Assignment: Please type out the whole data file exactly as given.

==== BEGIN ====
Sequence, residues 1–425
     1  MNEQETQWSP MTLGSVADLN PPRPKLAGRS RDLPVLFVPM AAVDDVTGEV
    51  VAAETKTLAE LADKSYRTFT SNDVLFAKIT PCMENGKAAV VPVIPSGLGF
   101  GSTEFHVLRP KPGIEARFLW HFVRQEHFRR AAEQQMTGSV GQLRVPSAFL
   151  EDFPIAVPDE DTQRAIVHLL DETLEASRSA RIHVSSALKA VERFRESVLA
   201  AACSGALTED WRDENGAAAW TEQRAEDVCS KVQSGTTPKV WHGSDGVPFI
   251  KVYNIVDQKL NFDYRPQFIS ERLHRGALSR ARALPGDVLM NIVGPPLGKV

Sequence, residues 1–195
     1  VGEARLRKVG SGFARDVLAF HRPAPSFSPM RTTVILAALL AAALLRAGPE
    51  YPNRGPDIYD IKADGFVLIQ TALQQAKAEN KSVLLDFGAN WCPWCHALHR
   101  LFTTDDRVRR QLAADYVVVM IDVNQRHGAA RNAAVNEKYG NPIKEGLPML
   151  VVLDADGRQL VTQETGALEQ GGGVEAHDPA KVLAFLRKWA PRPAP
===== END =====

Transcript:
Sequence, residues 1–425
     1  MNEQETQWSP MTLGSVADLN PPRPKLAGRS RDLPVLFVPM AAVDDVTGEV
    51  VAAETKTLAE LADKSYRTFT SNDVLFAKIT PCMENGKAAV VPVIPSGLGF
   101  GSTEFHVLRP KPGIEARFLW HFVRQEHFRR AAEQQMTGSV GQLRVPSAFL
   151  EDFPIAVPDE DTQRAIVHLL DETLEASRSA RIHVSSALKA VERFRESVLA
   201  AACSGALTED WRDENGAAAW TEQRAEDVCS KVQSGTTPKV WHGSDGVPFI
   251  KVYNIVDQKL NFDYRPQFIS ERLHRGALSR ARALPGDVLM NIVGPPLGKV

Sequence, residues 1–195
     1  VGEARLRKVG SGFARDVLAF HRPAPSFSPM RTTVILAALL AAALLRAGPE
    51  YPNRGPDIYD IKADGFVLIQ TALQQAKAEN KSVLLDFGAN WCPWCHALHR
   101  LFTTDDRVRR QLAADYVVVM IDVNQRHGAA RNAAVNEKYG NPIKEGLPML
   151  VVLDADGRQL VTQETGALEQ GGGVEAHDPA KVLAFLRKWA PRPAP